BRITISH PLAYWRIGHT Simon Gray wants a scotch before he ponders the question. Earlier in the day, flew in from London and he has been in rehearsal most of the afternoon. The drinkis to alleviate the growing sysmptoms of jet lag.
Gray has written the adaptation of Molie re's "Tartuffe" (which began previews last night in the Eisenhower Theater) and he's been asked if he didn't experience some trepidation in the course of the project. As the author of such trenchant dramas as "Butley" and "Otherwise Engaged," Gray has a solid reputation as one of Britain's best dramatists. But Molie re is Molie re, after all, the comic glory of 17th-century France and, along with Shakespeare, one of the theater's immortals.
"By my calculation, it is now about 2 a.m. in London," Gray replies, "and I haven't had a drink yet." He takes a few swift gulps, lights up a cigarette, and finally turns his mind, which is a lively one, to the question.
"Trepidation? No. 'Tartuffe' is unquestionably a great classic. But I think great classics can be stolen from without doing them harm. I could never damage 'Tartuffe,' although it is very much in the cards that 'Tartuffe' could damage me. But once one has decided to do it, one has to live it through. There's no point in bowing continuously to Molie re."
Still, a couple of gulps later, Gray admits that he prefers not to call his work an "adaptation." He rejects "translation," too. Finally, he settles on "a variation on the theme of 'Tartuffe.' " Better yet: "An English variation on the theme of 'Tartuffe.' "
He has followed the basic story, of course, about a religious hypocrite who weasels his way into the bosom of a prosperous French family, and then sets out to appropriate its wealth, seduce the wife and marry the daughter, all under the nose of the foolish patriarch, Orgon, too blinded by devotion to realize what's happening. But Gray has cast out Molie re's rhymed verse for prose, pruned some of the lengthier speeches on the nature of men and true religion, and emphasized the darker strain in the fable.
"I don't think an English version, which follows Molie re impeccably, can succeed on the English stage," he says. "There are a number of plays within the play. And I wondered if it was not possible to find an English play, the source of which is Molie re, but the feeling of which is quite different. I was after almost a domestic tragedy. Well, tragedy is not quite the right word. Let's say that Orgon comes closer to the brink in my play. He's a wonderfully robust and comic figure in Molie re and, in a sense, he never changes. That's one of Molie re's jokes. I was curious to see if I couldn't make the relationship between him and Tartuffe more complex, although by that I don't mean richer or better. But I think that Orgon is in a state of utter bewilderment when Tartuffe presents himself. You might say Tartuffe becomes a focus for Orgon's madness."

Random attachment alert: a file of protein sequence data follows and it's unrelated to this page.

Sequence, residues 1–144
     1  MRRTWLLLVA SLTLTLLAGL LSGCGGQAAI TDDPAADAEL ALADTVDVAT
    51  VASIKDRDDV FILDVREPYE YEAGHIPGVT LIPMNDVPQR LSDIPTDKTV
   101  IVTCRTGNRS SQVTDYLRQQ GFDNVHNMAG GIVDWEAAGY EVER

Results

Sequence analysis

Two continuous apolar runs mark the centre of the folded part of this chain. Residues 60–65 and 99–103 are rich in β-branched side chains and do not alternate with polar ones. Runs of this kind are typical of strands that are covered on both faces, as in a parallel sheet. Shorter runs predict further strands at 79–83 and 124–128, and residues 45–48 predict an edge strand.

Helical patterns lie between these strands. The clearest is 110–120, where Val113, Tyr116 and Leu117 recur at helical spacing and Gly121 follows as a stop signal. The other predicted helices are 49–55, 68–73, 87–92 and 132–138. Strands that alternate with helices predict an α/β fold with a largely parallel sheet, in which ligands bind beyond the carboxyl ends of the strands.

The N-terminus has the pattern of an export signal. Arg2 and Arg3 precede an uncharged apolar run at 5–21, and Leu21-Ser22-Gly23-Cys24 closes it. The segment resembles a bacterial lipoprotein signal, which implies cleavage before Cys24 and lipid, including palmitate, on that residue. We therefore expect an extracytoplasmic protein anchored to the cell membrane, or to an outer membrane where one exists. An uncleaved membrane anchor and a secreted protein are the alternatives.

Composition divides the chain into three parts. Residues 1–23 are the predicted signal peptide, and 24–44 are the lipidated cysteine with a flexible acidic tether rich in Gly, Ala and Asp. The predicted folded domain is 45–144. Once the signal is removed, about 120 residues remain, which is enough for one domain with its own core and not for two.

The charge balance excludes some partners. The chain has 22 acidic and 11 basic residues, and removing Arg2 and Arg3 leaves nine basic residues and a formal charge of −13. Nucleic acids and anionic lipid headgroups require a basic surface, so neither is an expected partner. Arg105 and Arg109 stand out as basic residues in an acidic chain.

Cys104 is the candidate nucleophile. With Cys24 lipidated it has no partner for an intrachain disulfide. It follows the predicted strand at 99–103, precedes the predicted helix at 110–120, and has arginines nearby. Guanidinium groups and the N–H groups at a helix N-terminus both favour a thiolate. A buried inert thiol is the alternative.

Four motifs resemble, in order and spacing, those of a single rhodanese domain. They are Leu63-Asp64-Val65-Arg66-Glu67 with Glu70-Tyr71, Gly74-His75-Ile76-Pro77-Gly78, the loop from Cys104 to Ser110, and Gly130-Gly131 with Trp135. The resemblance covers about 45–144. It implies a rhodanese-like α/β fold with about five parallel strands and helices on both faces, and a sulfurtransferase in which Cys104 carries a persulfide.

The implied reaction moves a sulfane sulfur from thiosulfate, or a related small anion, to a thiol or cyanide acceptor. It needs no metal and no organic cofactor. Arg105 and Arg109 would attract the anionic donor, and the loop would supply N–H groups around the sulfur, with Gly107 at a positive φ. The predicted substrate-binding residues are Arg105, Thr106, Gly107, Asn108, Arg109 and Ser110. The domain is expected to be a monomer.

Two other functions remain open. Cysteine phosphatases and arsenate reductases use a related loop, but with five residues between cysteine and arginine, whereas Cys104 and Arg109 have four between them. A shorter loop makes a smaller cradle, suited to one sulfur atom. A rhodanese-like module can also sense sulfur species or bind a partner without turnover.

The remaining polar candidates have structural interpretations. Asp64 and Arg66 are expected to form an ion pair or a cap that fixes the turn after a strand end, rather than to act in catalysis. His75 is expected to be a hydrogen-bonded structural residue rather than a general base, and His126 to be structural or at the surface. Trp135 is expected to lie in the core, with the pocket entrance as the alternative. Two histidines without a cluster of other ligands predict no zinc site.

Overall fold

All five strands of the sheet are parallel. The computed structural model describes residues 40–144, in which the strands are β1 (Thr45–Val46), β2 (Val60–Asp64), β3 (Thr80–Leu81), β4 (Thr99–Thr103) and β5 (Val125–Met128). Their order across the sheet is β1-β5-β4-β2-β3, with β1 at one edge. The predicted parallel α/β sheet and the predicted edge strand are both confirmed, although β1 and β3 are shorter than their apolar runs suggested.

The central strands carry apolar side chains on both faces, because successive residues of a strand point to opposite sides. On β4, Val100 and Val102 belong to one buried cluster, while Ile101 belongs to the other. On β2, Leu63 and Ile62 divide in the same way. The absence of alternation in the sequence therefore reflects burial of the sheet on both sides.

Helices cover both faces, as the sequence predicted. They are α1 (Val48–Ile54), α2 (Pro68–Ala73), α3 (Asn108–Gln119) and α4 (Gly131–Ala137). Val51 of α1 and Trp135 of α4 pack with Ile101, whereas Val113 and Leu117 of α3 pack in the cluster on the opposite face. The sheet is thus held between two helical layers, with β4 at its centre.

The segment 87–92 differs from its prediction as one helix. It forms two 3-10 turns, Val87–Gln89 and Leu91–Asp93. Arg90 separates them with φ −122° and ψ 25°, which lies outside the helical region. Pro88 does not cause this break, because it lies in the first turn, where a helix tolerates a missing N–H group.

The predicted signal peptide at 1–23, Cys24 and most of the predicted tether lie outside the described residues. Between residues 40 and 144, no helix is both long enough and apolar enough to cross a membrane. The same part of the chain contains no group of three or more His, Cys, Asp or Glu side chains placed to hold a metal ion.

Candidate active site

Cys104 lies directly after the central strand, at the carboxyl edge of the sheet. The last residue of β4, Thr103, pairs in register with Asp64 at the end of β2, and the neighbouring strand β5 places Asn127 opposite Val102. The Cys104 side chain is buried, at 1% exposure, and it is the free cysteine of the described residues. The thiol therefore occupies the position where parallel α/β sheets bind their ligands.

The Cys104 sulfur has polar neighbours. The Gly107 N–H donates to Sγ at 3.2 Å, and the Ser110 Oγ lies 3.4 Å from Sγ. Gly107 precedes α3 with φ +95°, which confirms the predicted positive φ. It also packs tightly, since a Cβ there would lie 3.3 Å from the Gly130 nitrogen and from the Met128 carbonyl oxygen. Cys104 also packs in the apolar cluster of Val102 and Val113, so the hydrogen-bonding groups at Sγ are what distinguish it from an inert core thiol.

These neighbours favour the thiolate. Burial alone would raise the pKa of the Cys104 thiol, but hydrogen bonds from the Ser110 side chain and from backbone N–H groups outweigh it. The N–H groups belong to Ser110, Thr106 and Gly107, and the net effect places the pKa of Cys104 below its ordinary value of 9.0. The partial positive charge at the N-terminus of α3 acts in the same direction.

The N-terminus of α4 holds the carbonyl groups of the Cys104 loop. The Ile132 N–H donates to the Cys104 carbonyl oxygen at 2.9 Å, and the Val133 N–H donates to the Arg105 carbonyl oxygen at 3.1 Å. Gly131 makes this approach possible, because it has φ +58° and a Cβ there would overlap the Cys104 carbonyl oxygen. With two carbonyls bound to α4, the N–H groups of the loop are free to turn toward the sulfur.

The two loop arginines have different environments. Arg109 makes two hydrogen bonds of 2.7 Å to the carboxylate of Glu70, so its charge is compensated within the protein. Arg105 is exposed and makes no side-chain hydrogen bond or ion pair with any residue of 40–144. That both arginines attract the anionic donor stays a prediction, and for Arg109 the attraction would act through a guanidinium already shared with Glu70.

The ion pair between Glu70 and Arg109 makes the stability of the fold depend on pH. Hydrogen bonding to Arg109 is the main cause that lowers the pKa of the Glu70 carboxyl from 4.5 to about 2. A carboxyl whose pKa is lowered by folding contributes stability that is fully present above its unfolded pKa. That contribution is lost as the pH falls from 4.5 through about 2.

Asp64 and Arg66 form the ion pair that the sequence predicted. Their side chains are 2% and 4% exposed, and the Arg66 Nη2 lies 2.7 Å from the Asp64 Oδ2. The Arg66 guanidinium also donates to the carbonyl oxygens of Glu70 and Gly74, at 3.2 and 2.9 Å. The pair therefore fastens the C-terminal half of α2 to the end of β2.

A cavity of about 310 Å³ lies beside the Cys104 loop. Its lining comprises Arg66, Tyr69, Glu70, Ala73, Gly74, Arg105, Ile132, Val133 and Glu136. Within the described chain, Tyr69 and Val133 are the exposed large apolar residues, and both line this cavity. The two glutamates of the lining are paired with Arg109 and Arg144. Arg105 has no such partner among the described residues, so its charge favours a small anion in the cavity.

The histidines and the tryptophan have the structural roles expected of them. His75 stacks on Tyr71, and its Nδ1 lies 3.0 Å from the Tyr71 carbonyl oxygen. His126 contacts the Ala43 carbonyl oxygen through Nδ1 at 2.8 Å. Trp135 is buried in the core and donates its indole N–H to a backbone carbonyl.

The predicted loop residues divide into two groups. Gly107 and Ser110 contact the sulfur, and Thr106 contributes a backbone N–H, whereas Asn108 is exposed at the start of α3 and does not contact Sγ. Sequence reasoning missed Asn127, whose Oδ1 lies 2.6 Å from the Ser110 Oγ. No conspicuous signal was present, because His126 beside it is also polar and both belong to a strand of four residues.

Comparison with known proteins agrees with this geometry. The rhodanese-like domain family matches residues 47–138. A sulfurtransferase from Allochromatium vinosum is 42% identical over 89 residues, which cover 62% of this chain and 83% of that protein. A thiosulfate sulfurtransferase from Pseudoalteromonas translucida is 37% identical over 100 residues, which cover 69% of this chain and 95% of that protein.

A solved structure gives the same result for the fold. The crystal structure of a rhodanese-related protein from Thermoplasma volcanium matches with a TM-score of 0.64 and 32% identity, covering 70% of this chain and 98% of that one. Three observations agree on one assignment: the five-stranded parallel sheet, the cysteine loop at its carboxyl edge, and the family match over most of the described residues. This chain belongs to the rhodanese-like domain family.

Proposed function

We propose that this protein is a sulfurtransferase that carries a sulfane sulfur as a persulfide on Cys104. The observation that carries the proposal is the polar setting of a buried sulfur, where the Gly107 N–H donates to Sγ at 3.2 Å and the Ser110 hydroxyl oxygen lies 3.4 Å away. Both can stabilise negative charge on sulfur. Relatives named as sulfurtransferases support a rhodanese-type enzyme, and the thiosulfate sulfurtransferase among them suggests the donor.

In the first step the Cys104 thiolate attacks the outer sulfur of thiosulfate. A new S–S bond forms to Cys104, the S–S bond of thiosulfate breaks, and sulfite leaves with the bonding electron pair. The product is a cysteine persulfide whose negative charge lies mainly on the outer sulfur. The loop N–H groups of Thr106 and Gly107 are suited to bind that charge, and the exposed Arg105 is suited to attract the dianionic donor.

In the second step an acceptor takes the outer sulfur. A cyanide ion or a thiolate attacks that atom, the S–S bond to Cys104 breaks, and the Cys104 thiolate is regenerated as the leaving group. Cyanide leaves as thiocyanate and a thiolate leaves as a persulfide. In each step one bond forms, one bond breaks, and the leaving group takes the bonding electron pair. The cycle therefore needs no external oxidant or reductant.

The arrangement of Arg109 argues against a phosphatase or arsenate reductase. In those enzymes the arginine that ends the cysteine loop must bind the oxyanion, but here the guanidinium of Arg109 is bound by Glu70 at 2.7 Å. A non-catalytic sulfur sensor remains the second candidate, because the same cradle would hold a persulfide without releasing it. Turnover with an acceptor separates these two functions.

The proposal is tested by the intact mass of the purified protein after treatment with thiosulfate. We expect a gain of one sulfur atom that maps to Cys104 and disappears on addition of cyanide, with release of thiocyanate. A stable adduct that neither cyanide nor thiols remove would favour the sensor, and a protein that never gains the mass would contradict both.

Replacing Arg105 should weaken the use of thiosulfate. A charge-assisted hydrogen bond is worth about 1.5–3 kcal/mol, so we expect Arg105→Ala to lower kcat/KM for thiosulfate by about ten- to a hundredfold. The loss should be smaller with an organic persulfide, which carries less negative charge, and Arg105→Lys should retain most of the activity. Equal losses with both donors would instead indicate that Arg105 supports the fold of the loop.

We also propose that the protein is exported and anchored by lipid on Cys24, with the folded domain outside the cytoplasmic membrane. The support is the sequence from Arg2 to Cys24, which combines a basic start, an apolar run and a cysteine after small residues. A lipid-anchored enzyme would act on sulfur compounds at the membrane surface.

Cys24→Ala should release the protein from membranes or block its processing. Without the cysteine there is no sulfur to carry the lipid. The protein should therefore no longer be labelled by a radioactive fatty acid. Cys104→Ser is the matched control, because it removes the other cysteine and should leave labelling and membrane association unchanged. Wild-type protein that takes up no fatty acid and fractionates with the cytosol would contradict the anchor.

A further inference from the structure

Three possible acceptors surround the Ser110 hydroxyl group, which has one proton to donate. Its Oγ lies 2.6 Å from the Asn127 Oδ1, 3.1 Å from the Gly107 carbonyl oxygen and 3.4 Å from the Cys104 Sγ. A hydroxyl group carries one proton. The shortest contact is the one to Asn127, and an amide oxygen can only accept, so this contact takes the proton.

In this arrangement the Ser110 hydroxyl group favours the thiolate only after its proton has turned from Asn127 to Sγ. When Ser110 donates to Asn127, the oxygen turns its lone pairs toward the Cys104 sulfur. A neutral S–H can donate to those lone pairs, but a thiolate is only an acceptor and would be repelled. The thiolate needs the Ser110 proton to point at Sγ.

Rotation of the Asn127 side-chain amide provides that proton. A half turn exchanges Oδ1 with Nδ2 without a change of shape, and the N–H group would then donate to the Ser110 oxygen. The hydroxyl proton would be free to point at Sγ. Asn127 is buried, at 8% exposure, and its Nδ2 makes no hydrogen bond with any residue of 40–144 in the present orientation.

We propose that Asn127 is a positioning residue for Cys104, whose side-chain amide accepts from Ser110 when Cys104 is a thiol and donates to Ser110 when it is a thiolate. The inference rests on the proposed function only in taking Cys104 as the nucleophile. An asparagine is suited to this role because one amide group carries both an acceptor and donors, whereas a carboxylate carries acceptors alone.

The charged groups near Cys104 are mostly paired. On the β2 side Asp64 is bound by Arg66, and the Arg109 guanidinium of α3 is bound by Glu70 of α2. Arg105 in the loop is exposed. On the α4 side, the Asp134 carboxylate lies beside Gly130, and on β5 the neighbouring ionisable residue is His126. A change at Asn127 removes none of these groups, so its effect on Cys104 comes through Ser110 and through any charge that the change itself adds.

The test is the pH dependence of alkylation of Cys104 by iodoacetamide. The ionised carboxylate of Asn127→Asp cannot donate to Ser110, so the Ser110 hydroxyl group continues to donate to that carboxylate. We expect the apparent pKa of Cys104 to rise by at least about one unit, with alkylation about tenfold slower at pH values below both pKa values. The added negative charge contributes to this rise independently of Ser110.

Gray turned out the first draft in Paris, while holed up in an "appalling" hotel, recommended to him by Harold Pinter's agent. "It's a grand city for writers," he says. "I do a lot of my first and second drafts there. For one thing, I know no one there. For another, you can be sure of getting a cup of coffee or a drink at a cafe' at any time of night, which is marvelous if you want to work until 2 in the morning."
With director Brian Bedford, he thrashed out the second draft in a suite at the Mayflower Hotel in New York. And for the past 12 days, he has been at the Kennedy Center, polishing the script and doing a lot of "serious thinking" about the production. (One of the decisions, reached by him, Bedford and Kennedy Center producer Ralph Allen, was to fire George Grizzard from the lead role last week. Bedford now will play it.)
"Tartuffe is not an English figure," Gray muses. "That peculiar combination of successful religious hypocrisy and buffoonery--well, I know of no equivalent figure in English literature. Our religious madness is rooted very deeply in our belief in respectable institutions, rather than cults that spring up overnight. The play has a much more honored history in the United States. My guess about American society is that there is a sort of rootlessness that makes it particularly susceptible to hypocrites like Tartuffe. Americans really are convinced that there is immortality. They've just got to figure out how to get it. The assumption over here is that, a) if you extend the number of years you live, you are doing something important, which I doubt. And b), if you live long enough, you never may get around to dying at all."
"That," says Gray, emptying his glass, "I also doubt."